Safe Haskell | None |
---|---|

Language | Haskell2010 |

Simple `Generics`

-based `arbitrary`

generators.

Here is an example. Define your type.

data Tree a = Leaf a | Node (Tree a) (Tree a)

Derive `Generic`

.

deriving 'Generic' -- Turn on the DeriveGeneric extension

Pick an arbitrary implementation.

instance Arbitrary a => Arbitrary (Tree a) where arbitrary = genericArbitraryFrequency [9, 8]

`arbitrary :: `

picks a `Gen`

(Tree a)`Leaf`

with probability 9/17, or a
`Node`

with probability 8/17, and recursively fills their fields with
`arbitrary`

.

- genericArbitrary :: (Generic a, GA Unsized (Rep a)) => Gen a
- genericArbitraryFrequency :: (Generic a, GA Unsized (Rep a)) => [Int] -> Gen a
- genericArbitraryFrequency' :: forall n a. (Generic a, GA (Sized n) (Rep a)) => [Int] -> Gen a
- genericArbitrary' :: forall n a. (Generic a, GA (Sized n) (Rep a)) => Gen a
- data Nat
- type BaseCases' n a = (Generic a, BaseCases n (Rep a))
- class BaseCases n f

# Documentation

genericArbitrary :: (Generic a, GA Unsized (Rep a)) => Gen a Source #

Pick a constructor with uniform probability, and fill its fields recursively.

An equivalent definition for `Tree`

is:

genericArbitrary :: Arbitrary a => Gen (Tree a) genericArbitrary = oneof [ Leaf <$> arbitrary -- Uses Arbitrary a , Node <$> arbitrary <*> arbitrary -- Uses Arbitrary (Tree a) ]

Note that for many types, `genericArbitrary`

tends to produce big values.
For instance for `Tree a`

values are finite but the average number of
`Leaf`

and `Node`

constructors is infinite.

genericArbitraryFrequency Source #

This allows to specify the probability distribution of constructors as a list of weights, in the same order as the data type definition.

An equivalent definition for `Tree`

is:

genericArbitraryFrequency :: Arbitrary a => [Int] -> Gen (Tree a) genericArbitraryFrequency [x, y] = frequency [ (x, Leaf <$> arbitrary) , (y, Node <$> arbitrary <*> arbitrary) ]

genericArbitraryFrequency' Source #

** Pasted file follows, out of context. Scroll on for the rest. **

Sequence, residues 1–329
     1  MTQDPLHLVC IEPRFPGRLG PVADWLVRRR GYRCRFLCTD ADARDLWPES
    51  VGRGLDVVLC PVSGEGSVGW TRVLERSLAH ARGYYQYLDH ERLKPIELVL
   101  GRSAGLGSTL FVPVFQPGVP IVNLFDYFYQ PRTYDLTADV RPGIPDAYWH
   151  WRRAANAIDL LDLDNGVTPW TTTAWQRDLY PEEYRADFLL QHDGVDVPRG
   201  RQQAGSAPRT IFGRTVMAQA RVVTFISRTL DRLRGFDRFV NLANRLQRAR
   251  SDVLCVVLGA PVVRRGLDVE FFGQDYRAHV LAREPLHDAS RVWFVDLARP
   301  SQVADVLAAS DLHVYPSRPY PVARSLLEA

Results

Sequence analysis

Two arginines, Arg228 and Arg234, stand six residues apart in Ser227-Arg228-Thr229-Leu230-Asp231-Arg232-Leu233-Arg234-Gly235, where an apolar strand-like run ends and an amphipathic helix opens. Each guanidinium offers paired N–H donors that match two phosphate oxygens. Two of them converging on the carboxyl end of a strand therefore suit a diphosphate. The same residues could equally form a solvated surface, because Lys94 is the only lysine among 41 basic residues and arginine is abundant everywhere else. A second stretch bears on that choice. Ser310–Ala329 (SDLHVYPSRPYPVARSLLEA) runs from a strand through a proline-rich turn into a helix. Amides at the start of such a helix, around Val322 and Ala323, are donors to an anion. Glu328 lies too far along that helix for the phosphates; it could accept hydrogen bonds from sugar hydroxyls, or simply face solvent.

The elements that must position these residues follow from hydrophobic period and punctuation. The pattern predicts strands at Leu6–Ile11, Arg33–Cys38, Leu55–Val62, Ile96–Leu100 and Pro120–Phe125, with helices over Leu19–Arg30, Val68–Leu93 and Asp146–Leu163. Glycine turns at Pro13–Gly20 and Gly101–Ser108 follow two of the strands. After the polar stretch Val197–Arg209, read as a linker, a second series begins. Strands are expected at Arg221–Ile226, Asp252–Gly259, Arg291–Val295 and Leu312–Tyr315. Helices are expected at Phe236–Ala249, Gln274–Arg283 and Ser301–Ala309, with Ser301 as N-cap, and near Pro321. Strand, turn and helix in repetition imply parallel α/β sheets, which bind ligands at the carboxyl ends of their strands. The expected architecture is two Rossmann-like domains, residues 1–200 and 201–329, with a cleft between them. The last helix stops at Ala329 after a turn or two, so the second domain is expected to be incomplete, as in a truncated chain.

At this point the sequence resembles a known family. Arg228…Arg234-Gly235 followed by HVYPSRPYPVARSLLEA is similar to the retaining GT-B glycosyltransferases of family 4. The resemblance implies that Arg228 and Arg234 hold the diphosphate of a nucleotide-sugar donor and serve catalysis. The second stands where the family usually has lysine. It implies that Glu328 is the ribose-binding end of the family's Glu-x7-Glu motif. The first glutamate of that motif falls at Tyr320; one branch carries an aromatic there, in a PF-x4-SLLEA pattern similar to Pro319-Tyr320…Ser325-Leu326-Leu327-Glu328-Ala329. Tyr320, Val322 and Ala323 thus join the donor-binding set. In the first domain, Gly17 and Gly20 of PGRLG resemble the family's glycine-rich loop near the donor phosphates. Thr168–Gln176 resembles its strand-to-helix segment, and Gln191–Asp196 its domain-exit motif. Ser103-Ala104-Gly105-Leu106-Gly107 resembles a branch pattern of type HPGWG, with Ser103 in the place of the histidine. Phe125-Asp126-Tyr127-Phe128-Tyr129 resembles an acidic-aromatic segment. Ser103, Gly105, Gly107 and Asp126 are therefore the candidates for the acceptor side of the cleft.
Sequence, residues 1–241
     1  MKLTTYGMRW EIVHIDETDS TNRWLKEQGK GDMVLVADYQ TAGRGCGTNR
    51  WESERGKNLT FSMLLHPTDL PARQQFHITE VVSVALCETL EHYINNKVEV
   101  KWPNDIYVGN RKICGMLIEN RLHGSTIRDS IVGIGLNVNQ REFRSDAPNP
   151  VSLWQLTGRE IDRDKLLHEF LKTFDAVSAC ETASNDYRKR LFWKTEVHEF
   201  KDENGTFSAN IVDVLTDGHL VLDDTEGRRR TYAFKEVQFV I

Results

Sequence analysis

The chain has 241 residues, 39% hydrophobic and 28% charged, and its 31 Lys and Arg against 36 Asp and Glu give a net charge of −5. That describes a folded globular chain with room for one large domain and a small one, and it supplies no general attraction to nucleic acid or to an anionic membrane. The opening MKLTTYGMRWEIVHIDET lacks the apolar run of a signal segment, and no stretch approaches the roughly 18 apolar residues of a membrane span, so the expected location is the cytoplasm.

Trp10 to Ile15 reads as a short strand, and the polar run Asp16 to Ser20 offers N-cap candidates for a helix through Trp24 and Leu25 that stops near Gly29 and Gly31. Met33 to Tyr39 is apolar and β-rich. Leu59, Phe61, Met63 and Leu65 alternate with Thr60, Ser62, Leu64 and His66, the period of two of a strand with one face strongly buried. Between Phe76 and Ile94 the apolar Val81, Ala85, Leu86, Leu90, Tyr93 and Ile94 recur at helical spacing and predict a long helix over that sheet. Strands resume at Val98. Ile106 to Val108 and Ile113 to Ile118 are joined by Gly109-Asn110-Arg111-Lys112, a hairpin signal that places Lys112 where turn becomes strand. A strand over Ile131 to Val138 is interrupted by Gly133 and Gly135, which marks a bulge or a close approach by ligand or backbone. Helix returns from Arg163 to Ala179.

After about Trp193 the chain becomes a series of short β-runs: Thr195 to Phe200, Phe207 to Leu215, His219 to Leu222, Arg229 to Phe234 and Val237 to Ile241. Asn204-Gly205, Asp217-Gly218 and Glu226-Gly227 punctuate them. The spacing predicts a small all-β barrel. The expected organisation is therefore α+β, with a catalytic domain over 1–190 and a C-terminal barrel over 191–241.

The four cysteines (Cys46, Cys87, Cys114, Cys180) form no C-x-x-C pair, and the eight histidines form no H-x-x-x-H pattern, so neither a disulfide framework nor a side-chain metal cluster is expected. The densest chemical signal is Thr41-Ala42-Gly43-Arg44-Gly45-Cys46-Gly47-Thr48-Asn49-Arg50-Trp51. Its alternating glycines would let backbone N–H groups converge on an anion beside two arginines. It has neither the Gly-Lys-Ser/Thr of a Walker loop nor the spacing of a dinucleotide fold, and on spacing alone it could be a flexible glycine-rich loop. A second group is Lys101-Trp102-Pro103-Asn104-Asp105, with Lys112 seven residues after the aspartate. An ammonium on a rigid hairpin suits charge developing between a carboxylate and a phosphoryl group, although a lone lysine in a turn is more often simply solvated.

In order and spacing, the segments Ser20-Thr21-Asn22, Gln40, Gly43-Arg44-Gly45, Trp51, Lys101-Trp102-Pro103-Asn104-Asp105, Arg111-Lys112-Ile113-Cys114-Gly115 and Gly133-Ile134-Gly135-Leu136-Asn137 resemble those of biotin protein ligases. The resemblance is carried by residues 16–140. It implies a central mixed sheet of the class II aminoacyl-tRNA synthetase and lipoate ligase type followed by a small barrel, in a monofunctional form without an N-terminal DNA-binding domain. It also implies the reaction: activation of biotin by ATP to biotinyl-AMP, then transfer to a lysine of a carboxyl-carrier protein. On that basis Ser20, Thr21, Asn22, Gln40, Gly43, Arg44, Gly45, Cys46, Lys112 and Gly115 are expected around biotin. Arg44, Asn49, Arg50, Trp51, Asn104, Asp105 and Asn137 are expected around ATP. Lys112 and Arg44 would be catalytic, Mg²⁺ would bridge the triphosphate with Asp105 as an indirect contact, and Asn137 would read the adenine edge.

:: forall (n :: Nat). (Generic a, GA (Sized n) (Rep a)) | |

=> [Int] | List of weights for every constructor |

-> Gen a |

The size parameter of `Gen`

is divided among the fields of the chosen
constructor. When it reaches zero, the generator selects a finite term
whenever it can find any of the given type.

The type of `genericArbitraryFrequency'`

has an ambiguous `n`

parameter; it
is a type-level natural number of type `Nat`

. That number determines the
maximum *depth* of terms that can be used to end recursion.

You'll need the `TypeApplications`

and `DataKinds`

extensions.

genericArbitraryFrequency' @n weights

With `n ~ '`

, the generator looks for a simple nullary constructor. If none
exist at the current type, as is the case for our `Z`

`Tree`

type, it carries on
as in `genericArbitraryFrequency`

.

genericArbitraryFrequency' @'Z :: Arbitrary a => [Int] -> Gen (Tree a) genericArbitraryFrequency' @'Z [x, y] = frequency [ (x, Leaf <$> arbitrary) , (y, scale (`div` 2) $ Node <$> arbitrary <*> arbitrary) ] -- 2 because Node is 2-ary.

Here is another example:

data Tree' = Leaf1 | Leaf2 | Node3 Tree' Tree' Tree' deriving Generic instance Arbitrary Tree' where arbitrary = genericArbitraryFrequency' @'Z [1, 2, 3]

`genericArbitraryFrequency'`

is equivalent to:

genericArbitraryFrequency' @'Z :: [Int] -> Gen Tree' genericArbitraryFrequency' @'Z [x, y, z] = sized $ \n -> if n == 0 then -- If the size parameter is zero, the non-nullary alternative is discarded. frequency $ [ (x, return Leaf1) , (y, return Leaf2) ] else frequency $ [ (x, return Leaf1) , (y, return Leaf2) , (z, resize (n `div` 3) node) ] -- 3 because Node3 is 3-ary where node = Node3 <$> arbitrary <*> arbitrary <*> arbitrary

To increase the chances of termination when no nullary constructor is directly
available, such as in `Tree`

, we can pass a larger depth `n`

. The effectiveness
of this parameter depends on the concrete type the generator is used for.

For instance, if we want to generate a value of type `Tree ()`

, there is a
value of depth 1 (represented by `'`

) that we can use to end
recursion: `S`

'`Z`

`Leaf ()`

.

genericArbitraryFrequency' @('S 'Z) :: [Int] -> Gen (Tree ()) genericArbitraryFrequency' @('S 'Z) [x, y] = sized $ \n -> if n == 0 then return (Leaf ()) else frequency [ (x, Leaf <$> arbitrary) , (y, scale (`div` 2) $ Node <$> arbitrary <*> arbitrary) ]

Because the argument of `Tree`

must be inspected in order to discover
values of type `Tree ()`

, we incur some extra constraints if we want
polymorphism.

`FlexibleContexts`

and `UndecidableInstances`

are also required.

instance (Arbitrary a, Generic a, BaseCases 'Z (Rep a)) => Arbitrary (Tree a) where arbitrary = genericArbitraryFrequency' @('S 'Z) [1, 2]

A synonym is provided for brevity.

instance (Arbitrary a, BaseCases' 'Z a) => Arbitrary (Tree a) where arbitrary = genericArbitraryFrequency' @('S 'Z) [1, 2]

genericArbitrary' :: forall n a. (Generic a, GA (Sized n) (Rep a)) => Gen a Source #

Like `genericArbitraryFrequency'`

, but with uniformly distributed
constructors.

A `BaseCases n (`

constraint basically provides the list of values
of type `Rep`

a)`a`

with depth at most `n`

.

BaseCases n U1 Source # | |

(BaseCases n f, BaseCases n g) => BaseCases n ((:*:) f g) Source # | |

(BaseCases n f, BaseCases n g) => BaseCases n ((:+:) f g) Source # | |

BaseCases Z (K1 i c) Source # | |

BaseCases n f => BaseCases n (M1 i c f) Source # | |

(Generic c, BaseCases n (Rep c)) => BaseCases (S n) (K1 i c) Source # | |